Nigeria has lost USD$4.9 billion in 2016 oil revenues because of militant attacks on pipelines and other facilities, an economic blow to a heavily oil-dependent nation already hard hit by lower oil prices.
Maikanti Baru, a group managing director with the Nigerian Petroleum Development Company (NPDC) said the 1.5 trillion naira loss is directly attributable to the attacks on infrastructure and transport.
“At industry level, we are all conversant with the seriousness and frequency with which national assets in form of pipelines, flow stations etc. are vandalized and crude oil and white products stolen with impunity,” Baru said during a security awareness meeting of the Nigerian National Petroleum Corporation (NNPC).
The NPDC is a subsidiary of the state-owned NNPC oil firm. Baru, whose tenure began in July, said the entity tallied 59 separate security incidents in 2016 to date, resulting in production shutdowns and related revenue loss.
Oil production averaged 1.63 million barrels per day in Q2 2016, but the government’s budget calculations are based on 2.2 million barrels per day – a gap that Nigeria can ill afford because 70 percent of its economy relies on oil revenues.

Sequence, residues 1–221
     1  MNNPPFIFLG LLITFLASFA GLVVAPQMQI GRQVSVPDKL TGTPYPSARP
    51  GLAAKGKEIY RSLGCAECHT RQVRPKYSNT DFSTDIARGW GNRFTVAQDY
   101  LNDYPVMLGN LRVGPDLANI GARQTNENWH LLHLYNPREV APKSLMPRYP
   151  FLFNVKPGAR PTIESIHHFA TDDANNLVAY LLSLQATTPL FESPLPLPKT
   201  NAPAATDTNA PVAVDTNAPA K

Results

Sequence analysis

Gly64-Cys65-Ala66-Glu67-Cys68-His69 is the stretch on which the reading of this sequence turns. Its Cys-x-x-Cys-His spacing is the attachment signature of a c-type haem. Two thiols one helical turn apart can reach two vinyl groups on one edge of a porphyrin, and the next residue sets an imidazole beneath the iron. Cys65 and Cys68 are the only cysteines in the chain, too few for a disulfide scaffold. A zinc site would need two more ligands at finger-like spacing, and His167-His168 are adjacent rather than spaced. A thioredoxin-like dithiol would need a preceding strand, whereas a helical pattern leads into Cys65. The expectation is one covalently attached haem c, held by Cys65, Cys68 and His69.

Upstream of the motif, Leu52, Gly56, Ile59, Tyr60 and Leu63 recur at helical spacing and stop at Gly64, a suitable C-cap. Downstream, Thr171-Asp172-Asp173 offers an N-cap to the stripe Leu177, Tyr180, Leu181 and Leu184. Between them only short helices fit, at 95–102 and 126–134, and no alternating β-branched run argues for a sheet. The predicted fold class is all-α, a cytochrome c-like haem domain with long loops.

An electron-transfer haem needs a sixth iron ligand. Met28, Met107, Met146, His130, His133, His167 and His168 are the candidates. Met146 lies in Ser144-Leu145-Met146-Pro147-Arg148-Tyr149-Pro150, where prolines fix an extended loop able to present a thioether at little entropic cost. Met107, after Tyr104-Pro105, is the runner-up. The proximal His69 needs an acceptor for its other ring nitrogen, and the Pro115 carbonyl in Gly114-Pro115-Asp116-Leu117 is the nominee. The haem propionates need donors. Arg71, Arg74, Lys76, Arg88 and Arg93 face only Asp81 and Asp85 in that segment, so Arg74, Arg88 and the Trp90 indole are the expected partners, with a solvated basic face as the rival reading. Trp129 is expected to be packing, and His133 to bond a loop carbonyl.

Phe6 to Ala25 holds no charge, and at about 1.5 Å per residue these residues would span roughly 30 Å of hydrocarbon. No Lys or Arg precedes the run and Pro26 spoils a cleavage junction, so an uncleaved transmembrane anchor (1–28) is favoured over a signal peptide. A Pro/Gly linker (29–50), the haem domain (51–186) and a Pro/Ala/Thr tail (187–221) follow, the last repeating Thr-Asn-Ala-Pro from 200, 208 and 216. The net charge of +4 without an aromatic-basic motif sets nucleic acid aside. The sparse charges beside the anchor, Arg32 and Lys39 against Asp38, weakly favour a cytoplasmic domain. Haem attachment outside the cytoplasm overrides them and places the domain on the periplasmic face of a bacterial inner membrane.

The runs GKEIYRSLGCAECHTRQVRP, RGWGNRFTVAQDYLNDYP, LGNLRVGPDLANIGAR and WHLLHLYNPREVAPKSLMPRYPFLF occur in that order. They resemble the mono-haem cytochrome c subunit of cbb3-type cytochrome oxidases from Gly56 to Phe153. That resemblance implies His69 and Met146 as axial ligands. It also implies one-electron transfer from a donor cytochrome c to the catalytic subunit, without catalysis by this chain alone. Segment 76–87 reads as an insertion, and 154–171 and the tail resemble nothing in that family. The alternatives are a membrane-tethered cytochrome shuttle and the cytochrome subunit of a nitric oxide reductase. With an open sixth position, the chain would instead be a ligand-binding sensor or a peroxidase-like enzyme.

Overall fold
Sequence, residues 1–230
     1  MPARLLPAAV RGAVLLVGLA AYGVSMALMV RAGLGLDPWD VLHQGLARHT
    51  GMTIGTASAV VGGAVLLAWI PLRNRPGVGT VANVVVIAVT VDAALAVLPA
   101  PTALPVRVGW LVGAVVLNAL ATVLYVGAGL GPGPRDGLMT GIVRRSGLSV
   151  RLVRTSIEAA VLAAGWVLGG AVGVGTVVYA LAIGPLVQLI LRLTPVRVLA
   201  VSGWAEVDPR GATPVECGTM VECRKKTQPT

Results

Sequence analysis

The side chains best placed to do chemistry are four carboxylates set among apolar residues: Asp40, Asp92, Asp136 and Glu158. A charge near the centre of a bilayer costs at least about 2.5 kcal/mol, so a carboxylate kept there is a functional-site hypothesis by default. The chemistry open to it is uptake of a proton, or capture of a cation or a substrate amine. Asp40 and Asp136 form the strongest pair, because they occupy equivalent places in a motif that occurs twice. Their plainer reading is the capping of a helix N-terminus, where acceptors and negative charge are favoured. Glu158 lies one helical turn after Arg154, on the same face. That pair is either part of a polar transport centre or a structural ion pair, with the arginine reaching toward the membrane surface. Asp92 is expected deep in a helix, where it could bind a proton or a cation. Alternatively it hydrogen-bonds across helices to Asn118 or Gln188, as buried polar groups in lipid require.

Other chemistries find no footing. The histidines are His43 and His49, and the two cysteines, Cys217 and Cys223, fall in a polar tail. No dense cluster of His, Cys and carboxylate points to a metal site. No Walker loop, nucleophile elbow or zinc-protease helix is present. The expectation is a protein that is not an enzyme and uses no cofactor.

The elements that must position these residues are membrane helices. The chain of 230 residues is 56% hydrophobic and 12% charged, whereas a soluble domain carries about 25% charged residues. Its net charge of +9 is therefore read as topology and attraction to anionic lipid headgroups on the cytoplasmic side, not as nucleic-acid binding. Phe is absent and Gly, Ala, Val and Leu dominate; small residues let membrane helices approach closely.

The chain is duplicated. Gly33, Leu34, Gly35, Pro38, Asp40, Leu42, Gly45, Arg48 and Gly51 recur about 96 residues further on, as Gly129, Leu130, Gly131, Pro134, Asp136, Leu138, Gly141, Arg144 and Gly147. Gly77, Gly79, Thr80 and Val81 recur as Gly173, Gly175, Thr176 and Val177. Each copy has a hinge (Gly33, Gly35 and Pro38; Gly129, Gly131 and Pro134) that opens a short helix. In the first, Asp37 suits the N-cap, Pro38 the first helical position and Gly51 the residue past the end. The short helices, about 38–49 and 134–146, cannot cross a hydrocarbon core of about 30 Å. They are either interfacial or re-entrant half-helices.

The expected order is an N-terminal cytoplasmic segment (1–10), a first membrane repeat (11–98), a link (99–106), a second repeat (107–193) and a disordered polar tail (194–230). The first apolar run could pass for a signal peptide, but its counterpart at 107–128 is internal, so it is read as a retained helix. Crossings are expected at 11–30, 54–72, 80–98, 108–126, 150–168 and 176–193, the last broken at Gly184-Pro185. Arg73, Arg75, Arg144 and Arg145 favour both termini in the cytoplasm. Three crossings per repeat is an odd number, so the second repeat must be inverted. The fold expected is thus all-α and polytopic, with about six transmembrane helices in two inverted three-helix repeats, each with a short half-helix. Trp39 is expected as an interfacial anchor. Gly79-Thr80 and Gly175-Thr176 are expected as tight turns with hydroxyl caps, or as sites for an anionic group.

President Muhammadu Buhari has announced plans to diversify Nigeria’s economy, and the government plans a $10 billion investment to combat oil-industry attacks and target those who cause them, including groups like the Nile Delta Avengers.
Baru also introduced the corporation’s Kidnap for Ransom Policy to raise staff awareness on avoiding an increasing threat of kidnapping and hostage taking. An attempt to kidnap oil magnate Femi Otedola was defeated last month, but attacks on oil workers and installations remain a continuous threat.
Image: Maikanti Baru